Denke, M. A., & Grundy, S. M. (1994). Individual responses to a cholesterol-lowering diet in 50 men with moderate hypercholesterolemia. Archives of Internal Medicine, 154(3), pp. 317-25.
Denke MA, Grundy SM. Individual Responses to a Cholesterol-lowering Diet in 50 Men With Moderate Hypercholesterolemia. Arch Intern Med. 1994 Feb 14;154(3):317-25. PubMed PMID: 8297199.
* Article titles in AMA citation format should be in sentence-case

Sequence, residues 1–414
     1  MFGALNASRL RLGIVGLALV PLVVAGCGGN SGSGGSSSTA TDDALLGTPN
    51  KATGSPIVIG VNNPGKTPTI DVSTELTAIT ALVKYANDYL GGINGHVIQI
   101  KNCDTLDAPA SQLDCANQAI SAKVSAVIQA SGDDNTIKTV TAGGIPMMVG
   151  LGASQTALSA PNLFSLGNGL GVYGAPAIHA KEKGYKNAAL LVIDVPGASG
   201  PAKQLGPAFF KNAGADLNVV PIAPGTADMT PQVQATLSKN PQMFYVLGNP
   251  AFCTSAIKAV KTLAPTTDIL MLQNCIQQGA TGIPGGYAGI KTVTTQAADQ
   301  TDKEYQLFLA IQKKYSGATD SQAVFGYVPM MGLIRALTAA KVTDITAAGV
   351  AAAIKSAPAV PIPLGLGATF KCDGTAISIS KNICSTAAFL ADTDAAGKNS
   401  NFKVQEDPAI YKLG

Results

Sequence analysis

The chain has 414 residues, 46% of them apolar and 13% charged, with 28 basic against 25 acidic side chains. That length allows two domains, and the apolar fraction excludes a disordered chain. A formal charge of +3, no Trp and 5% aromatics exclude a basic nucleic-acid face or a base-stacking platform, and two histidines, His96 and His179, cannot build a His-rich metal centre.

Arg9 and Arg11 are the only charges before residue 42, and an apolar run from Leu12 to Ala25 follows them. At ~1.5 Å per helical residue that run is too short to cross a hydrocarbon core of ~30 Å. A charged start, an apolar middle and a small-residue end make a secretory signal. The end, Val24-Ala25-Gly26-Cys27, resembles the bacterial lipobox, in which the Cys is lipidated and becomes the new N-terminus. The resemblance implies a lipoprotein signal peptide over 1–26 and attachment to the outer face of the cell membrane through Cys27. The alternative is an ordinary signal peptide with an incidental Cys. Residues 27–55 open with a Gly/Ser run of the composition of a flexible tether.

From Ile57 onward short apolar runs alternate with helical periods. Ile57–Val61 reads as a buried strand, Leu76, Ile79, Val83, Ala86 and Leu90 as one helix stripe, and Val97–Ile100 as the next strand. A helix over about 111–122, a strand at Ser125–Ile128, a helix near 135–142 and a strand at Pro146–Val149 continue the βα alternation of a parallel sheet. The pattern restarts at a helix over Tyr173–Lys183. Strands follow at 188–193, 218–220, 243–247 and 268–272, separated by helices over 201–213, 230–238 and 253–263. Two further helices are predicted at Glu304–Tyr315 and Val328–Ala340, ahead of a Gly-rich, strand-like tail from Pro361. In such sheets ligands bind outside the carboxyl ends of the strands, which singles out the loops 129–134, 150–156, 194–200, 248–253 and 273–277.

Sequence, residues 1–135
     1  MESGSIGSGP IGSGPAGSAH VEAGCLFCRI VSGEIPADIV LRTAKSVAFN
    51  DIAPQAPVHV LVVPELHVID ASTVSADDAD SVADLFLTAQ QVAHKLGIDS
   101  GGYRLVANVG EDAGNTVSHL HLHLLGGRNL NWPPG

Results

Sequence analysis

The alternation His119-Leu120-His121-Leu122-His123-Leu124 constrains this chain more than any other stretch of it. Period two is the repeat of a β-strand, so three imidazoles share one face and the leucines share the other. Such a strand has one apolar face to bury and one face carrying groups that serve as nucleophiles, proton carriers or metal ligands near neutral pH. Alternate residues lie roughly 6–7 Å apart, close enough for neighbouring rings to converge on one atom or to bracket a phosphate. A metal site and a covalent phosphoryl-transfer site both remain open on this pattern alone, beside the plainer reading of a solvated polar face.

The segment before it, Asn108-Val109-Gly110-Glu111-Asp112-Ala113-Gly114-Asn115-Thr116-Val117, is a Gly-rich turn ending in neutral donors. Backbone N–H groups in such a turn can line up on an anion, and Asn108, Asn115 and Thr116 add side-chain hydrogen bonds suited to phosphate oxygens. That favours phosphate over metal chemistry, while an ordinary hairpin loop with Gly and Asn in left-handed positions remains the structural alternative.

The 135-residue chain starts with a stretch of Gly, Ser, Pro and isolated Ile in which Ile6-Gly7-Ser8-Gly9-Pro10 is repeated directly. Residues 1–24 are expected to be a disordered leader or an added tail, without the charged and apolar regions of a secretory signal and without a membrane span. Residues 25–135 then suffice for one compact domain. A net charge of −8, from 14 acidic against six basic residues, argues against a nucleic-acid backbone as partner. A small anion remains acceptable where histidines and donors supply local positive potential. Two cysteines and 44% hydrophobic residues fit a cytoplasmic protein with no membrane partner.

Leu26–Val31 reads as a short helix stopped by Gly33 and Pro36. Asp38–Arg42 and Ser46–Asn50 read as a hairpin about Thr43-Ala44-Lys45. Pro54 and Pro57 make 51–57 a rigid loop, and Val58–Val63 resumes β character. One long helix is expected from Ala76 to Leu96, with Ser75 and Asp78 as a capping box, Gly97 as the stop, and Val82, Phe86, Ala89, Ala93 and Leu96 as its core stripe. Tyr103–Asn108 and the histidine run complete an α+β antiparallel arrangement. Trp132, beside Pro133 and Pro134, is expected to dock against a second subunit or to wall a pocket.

TY - JOUR T1 - Individual responses to a cholesterol-lowering diet in 50 men with moderate hypercholesterolemia. AU - Denke,M A, AU - Grundy,S M, PY - 1994/2/14/pubmed PY - 1994/2/14/medline PY - 1994/2/14/entrez SP - 317 EP - 25 JF - Archives of internal medicine JO - Arch. Intern. Med. VL - 154 IS - 3 N2 - BACKGROUND: Dietary modification is the recommended first step in the treatment of hypercholesterolemia. However, the efficacy of the National Cholesterol Education Program Step 1 Diet in outpatients with hypercholesterolemia has been debated. METHODS: Fifty normotriglyceridemic men whose ad libitum low-density lipoprotein (LDL) cholesterol levels were 4.14 to 5.69 mmol/L (160 to 220 mg/dL) participated in a two-period outpatient diet counseling study that used a 1-month high-fat, high-saturated fatty acid period (Hi-Sat) and a 4-month low-fat, low-saturated fatty acid period (Step 1 Diet). Lipid, lipoprotein levels, and plasma triglyceride fatty acids were measured five times during the last 2 weeks of each dietary period and averaged for each patient. Dietary intake was assessed by 7-day food records. During the Hi-Sat period, an LDL turnover study was done to determine the fractional catabolic rate of LDL. RESULTS: The mean reduction in total and LDL cholesterol levels achieved by diet was 0.54 mmol/L (21 mg/dL) and 0.39 mmol/L (15 mg/dL), respectively. These responses equaled those predicted from metabolic ward investigations. While dietary responsiveness was normally distributed, there was marked individual variation in response. The mean (+/- SD) for quartiles of LDL responsiveness were +0.41 +/- 0.21 mmol/L (+16 +/- 8 mg/dL), -0.16 +/- 0.13 mmol/L (-6 +/- 5 mg/dL), -0.57 +/- 0.16 mmol/L (-22 +/- 6 mg/dL), and -1.16 +/- 0.26 mmol/L (-45 +/- 10 mg/dL). These differences in response were partially explained by dietary adherence, baseline fractional catabolic rates of LDL, and the change in plasma triglyceride palmitate level. CONCLUSIONS: The Step 1 Diet is effective in lowering LDL cholesterol levels for many hypercholesterolemic men, and with appropriate counseling, outpatients can achieve results predicted by inpatient metabolic diet studies. Nonetheless, the responsiveness for individuals is highly variable, and this variability is influenced by both compliance and biologic factors. Since many men achieved LDL cholesterol levels low enough to remove the need for drug therapy in primary prevention for coronary heart disease, dietary therapy should remain the initial approach to the treatment of hypercholesterolemia. SN - 0003-9926 UR - https://www.unboundmedicine.com/medline/citation/8297199/Individual_responses_to_a_cholesterol_lowering_diet_in_50_men_with_moderate_hypercholesterolemia_ L2 - https://jamanetwork.com/journals/jamainternalmedicine/fullarticle/vol/154/pg/317 DB - PRIME DP - Unbound Medicine ER -